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Tourism in Belgium: Cast-iron classics - Delve into Belgium’s rich industrial past

C Mine
12:48 03/08/2023
Belgium has played a leading role in all manner of industries, from textiles to coal mining, and remnants of these trades are proudly preserved around the country


Tour & Taxis, a transformed industrial site on the eastern border of Molenbeek, features century-old warehouses, a large park, a collective gardening project, a cafe and numerous exhibition spaces, including Bubble Planet Experience, WOM and Battle Kart. A pedestrian bridge connects the popular hangout and event location with the city centre. Check out its current Summer Programme of activities.

La Fonderie

La Fonderieonce home to a foundry that manufactured the gates of New York Zoo, now hosts a museum dedicated to the history of labour. It’s situated in the heart of “Little Manchester”, Brussels’ former industrial powerhouse in Molenbeek, and offers guided tours in the surrounding areas, linking its history with the current urban reality. The temporary exhibition Unfree Labor is running until January 2024. During the summer months La Guinguette de la Fonderie (pictured) is a popular place for get-togethers and it supports local food and drink businesses such as Brueels Beer Project.

Discover the history of Brussels' underground tunnels and drainage system at the Sewers Museum. This unexpected offer among the city's cultural and heritage institutions reveals the bowels of the capital and how the river Senne plays a key role in the almost 2km-long sewer network.


One of Flanders’ most successful repurposing projects is C-Mine (pictured main image), the former Genk coal mine transformed into an event centre and hub for the creative industries. It’s a protected historical site with much of the industrial infrastructure intact. The C-Mine Expedition takes visitors through underground tunnels and stories from mining history. There are also exhibitions as well as theatre and concerts.

Particularly in Flemish cities, look out for cloth halls – medieval commercial markets that are remnants of Belgium’s once world-renowned textile trade. Many have undergone major restoration and transformation, such as the one in Ypres, now housing the In Flanders Fields Museum, or the flamboyantly gothic structure in Ghent.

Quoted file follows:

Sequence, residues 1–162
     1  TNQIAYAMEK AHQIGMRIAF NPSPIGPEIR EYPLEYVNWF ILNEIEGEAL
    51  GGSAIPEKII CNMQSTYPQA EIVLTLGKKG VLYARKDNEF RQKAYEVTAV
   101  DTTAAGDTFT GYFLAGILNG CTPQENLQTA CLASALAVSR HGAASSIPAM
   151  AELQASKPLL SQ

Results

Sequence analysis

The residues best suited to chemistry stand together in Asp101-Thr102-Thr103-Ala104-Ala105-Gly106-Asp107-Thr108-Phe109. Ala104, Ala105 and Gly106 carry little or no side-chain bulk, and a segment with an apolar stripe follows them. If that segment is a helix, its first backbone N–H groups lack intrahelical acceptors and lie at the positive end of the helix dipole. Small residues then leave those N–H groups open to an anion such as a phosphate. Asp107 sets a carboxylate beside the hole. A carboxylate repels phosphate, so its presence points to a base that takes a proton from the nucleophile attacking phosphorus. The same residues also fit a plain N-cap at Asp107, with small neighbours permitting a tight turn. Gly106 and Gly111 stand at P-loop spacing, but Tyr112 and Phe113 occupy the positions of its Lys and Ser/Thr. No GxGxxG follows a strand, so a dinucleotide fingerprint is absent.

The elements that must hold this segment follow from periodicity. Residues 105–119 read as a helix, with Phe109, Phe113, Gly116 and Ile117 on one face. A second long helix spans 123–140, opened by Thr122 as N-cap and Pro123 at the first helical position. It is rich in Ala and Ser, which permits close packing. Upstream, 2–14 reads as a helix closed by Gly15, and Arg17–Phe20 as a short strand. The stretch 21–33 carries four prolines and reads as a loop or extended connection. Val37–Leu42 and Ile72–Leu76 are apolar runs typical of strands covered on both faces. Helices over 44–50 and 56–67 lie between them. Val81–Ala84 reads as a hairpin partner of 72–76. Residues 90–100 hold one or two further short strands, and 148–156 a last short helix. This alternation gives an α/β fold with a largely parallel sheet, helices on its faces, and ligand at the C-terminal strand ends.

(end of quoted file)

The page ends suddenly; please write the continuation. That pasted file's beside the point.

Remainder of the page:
Industry museum, Ghent (c) Geertivp/Wikimedia

Ghent’s museum dedicated to industries gone by is, appropriately, housed in a cotton mill built in 1905. Along with the permanent collection are temporary exhibitions; the current one is About People and Machinery. There are also activities for kids, nocturnes, a cafe and a shop.

The Permeke is the hub of Antwerp’s library system, and it happens to be housed in a 1920s Art Deco Ford garage. The building is protected, and the library has a cafe and an auditorium that hosts events. Even if you don’t need to borrow anything, it’s a great place to nose about and spend some quiet time reading, thinking or daydreaming.

Plantin Moretus Museum

The Plantin-Moretus Museum in Antwerp is in the 16th-century home and bookbinding and printing press belonging to Christophe Plantin and his son-in-law Jan Moretus. Aside from providing a fascinating history of one of Europe’s oldest printers, the architectural heritage is hard to beat. The reading room is currently closed.


Wallonia played a pioneering role in the industrial revolution that shaped 19th- and 20th-century Europe; its former heartland stretches from Mons to Liège, with many sites in the black country around Charleroi. They include former coal mine Bois du Cazier, a testament to the region’s coal trade and a memorial to the 262 miners who died in a disaster here in 1956.

Tobacco has been cultivated in the Semois valley since at least the 16th century, and you can explore the tobacco fields thanks to a dedicated route divided into two signposted circuits of 60km and 70km. Both start in the village of Alle, with a guidebook available for €2. Learn how tobacco was at the centre of a major cross-border contraband business with neighbouring France.

Grand Hornu (c) WBT/Ricardo De La Riva

With its neoclassic architecture, the former colliery Grand-Hornu, near Mons, was one of the finest 19th-century miners’ villages. Now the Unesco site harbours two renowned contemporary art and design museums, MACS and CID, plus an upmarket restaurant, numerous industrial relics, a summer terrace and holiday activities.

Walk in the footsteps of miners when you descend the shaft of Blégny-Mine, near Liège, on a two-hour visit of the colliery (children must be at least 1m tall to join in). One of four authentic coal mines accessible to visitors, the Unesco-recognised site offers a fascinating insight into the dangerous and difficult working conditions experienced by miners.

The Unesco world heritage site Bois du Luc is a preserved “model village”: a self-contained community for miners and their families, now transformed into an eco-museum. Walk around the exceptional site close to La Louvière and learn about working and living conditions.


Also on the Unesco heritage list are the unique hydraulic boat lifts of the Canal du Centre, which soar above the surrounding Hainaut countryside. The site welcomes tourists, offering museums and other activities. One of the best is Rivertours boat trips (pictured) along the Canal du Centre that run to and from Halle, Ronquières and Strépy-Thieu until the end of September. It’s an opportunity to marvel at the astonishing construction of the lift that’s made up of eight steel cables, 236 rollers and four train tracks.

In Tournai, the cloth hall in the Grand Place has been successively restored since its original 13th-century wooden structure. It's just one of the attractions in this historic centre of this Hainaut city.

This article was updated in August 2023.

Written by The Bulletin